For example, in losing to the Republican they perhaps most wanted to beat, Gov. Scott Walker of Wisconsin, unions saw their members’ turnout slip. After making up 32 percent of all voters in the 2012 recall attempt against Walker, union households made up just 21 percent of the Wisconsin electorate last week.

Part of that drop is a result of Walker’s pushing through changes to collective bargaining law that thinned the ranks of his state’s union members. But what exasperates some labor leaders is that Mary Burke, the Democrat who tried to unseat Walker, would not even commit to undoing the changes that have crippled unions.

Echoing many liberals, Steve Rosenthal, a longtime Democratic strategist with ties to labor, said progressive organizations and unions should become more engaged in primaries and push candidates to stand for their agenda just as the right tries to make Republican candidates hew to conservative orthodoxy.

"I think it’s critical for folks on the left to do more of the same," Rosenthal said

There were a handful of bright spots in an otherwise dismal year for Democrats, and progressives are holding up as models the success of three Senate candidates who ran as populists: Sen. Al Franken of Minnesota, Sen. Jeff Merkley of Oregon and Sen.-elect Gary Peters of Michigan.

Merkley won by 19 percentage points with a campaign centered on the loss of well-paying jobs, the spiraling cost of college tuition and his opposition to trade deals that he said send jobs overseas. While Democrats nationally were losing whites without a college degree by 30 percentage points, Merkley narrowly carried that bloc of voters.

"We didn’t lose them here in Oregon because we talked about what they care about," Merkley said.

But some center-left Democrats believe that this is the exception and that the party should give up on winning a majority of such voters.

"Slowly and steadily since 1968, culture has trumped economics with voting and the white working class," said Kenneth Baer, a former Obama administration official who has written a book on modern liberalism. "It’s become the great white whale for a shipful of Democratic strategists. Obama proved that while we cannot get wiped out with that demographic, the future of the coalition is among growing parts of the electorate which are neither white nor working class."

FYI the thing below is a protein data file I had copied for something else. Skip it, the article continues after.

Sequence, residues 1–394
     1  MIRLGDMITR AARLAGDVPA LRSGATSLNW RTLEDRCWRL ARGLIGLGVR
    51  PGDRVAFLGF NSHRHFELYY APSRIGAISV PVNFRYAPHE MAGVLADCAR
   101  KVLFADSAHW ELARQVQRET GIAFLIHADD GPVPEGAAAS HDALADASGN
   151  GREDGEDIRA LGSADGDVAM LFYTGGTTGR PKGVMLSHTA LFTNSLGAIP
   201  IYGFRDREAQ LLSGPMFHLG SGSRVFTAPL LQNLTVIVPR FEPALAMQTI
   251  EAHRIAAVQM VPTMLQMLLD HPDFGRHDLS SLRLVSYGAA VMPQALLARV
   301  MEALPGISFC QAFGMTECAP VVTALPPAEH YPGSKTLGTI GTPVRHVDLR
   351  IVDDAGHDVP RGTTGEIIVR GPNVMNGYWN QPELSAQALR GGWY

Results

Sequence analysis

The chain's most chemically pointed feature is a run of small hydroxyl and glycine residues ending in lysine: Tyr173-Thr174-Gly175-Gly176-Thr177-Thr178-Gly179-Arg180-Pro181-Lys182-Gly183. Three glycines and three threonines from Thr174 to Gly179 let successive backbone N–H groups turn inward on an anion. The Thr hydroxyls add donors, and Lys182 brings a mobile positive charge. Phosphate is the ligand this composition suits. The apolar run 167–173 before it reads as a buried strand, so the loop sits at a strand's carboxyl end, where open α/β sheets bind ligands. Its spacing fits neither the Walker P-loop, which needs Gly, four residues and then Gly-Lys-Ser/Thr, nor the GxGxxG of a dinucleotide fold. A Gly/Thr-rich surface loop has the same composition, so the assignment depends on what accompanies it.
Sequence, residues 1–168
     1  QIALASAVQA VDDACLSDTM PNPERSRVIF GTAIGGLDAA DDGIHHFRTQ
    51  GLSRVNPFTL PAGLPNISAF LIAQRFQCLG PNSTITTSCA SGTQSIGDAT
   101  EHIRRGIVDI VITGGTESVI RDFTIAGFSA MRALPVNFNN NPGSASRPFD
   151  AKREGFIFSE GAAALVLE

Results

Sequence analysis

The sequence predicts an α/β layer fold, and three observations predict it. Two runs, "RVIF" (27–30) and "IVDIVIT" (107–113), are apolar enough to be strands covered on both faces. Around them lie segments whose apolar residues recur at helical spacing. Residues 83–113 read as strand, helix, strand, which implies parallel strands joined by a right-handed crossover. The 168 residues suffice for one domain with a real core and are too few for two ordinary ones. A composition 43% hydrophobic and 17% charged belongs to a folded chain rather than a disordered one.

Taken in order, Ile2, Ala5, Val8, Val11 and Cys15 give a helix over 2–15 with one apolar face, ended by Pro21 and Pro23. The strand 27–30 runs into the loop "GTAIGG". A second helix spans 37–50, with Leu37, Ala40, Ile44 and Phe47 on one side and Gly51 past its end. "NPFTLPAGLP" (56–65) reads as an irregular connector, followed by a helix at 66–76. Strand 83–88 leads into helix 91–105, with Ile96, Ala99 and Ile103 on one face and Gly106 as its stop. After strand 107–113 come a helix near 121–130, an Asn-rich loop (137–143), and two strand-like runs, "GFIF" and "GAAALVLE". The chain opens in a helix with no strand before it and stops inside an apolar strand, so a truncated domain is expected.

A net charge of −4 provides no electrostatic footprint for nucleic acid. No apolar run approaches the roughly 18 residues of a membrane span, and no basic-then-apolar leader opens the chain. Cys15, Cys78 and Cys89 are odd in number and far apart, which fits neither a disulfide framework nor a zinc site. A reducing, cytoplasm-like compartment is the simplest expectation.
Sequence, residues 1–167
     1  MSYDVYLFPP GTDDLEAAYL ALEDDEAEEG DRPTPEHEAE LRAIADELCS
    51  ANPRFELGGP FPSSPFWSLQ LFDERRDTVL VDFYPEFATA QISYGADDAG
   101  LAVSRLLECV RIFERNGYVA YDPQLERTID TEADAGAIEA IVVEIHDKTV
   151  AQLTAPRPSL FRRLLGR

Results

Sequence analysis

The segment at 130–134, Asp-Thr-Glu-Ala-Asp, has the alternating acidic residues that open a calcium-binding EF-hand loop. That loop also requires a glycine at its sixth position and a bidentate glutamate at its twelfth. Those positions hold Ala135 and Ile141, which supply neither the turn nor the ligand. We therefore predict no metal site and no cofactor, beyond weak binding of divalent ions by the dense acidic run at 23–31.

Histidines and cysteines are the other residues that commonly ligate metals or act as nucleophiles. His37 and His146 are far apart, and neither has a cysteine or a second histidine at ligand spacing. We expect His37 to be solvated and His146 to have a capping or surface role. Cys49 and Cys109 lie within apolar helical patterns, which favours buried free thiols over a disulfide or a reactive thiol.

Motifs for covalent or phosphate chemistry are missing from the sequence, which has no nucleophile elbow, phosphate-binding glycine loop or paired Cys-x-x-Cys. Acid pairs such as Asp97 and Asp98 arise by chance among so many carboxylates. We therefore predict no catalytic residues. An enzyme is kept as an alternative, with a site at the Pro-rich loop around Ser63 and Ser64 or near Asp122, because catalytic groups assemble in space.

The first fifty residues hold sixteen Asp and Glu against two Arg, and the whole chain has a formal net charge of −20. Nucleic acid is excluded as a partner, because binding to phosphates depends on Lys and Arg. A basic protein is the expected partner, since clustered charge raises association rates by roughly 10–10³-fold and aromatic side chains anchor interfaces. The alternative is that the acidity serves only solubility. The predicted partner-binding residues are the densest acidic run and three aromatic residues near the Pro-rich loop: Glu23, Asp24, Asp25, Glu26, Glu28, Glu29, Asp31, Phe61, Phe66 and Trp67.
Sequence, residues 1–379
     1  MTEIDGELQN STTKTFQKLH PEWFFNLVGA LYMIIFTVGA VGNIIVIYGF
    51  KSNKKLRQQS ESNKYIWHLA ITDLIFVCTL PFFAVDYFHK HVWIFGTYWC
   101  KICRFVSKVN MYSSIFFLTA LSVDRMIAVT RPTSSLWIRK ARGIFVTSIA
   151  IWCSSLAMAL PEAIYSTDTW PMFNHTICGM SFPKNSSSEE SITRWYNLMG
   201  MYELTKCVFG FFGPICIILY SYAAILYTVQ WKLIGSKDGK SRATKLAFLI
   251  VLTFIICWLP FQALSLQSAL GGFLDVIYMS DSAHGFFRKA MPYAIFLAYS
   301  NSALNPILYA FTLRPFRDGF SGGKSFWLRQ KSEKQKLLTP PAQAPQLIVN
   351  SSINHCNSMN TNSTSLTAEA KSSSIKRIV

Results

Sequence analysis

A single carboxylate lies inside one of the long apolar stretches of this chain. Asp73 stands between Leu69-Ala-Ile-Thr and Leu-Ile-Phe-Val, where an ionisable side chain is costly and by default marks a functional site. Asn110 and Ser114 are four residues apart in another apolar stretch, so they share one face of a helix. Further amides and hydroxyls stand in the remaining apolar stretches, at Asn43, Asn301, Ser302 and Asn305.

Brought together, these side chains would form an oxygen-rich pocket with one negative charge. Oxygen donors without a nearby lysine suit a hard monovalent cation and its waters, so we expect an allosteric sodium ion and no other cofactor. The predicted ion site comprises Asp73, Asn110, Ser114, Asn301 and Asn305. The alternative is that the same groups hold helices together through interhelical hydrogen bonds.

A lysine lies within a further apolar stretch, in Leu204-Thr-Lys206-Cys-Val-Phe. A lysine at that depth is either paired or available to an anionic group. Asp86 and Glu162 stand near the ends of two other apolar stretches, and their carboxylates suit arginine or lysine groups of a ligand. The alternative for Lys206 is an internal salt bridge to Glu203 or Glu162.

The question of which voters to pursue captures the party’s broader debate about its agenda. Centrist Democrats have chalked up the party’s losses to an insufficient performance among moderate and middle-class voters.

"We talk about policies helping the middle-class, but the ones we promote the most are ones that don’t speak to the middle-class, like raising the minimum wage," said Al From, who founded the moderate Democratic Leadership Council in the 1980s to counter the party’s move to the left and helped propel Bill Clinton to the White House in 1992.

Many liberals believe the disconnect between the politics of the party’s grass-roots and the message they hear from Democratic administrations has left blue-collar voters unenthused. "We do not have to struggle for an agenda that connects with working-class voters," said Rep. Rosa DeLauro, D-Conn. "We have an agenda that does that, but it does not get vocalized at the top."

Yet many progressives concur that simply pushing an increase in the minimum wage is an inadequate solution. Liberals want tougher restrictions on banks, more generous federal student loan aid, enhanced collective bargaining rights and a reassessment of the country’s trade policy.

Obama has made clear he intends to work with congressional Republicans to push for fewer restrictions on trade. Some union leaders said they intended to fight those efforts, and would be looking for an ally in Hillary Clinton.

"The next six months we’re going to be relentless on trade," vowed Larry Cohen, president of the Communications Workers of America. "I hope she comes to our side on this fight. The president is not starting out there."

Jonathan Martin, New York Times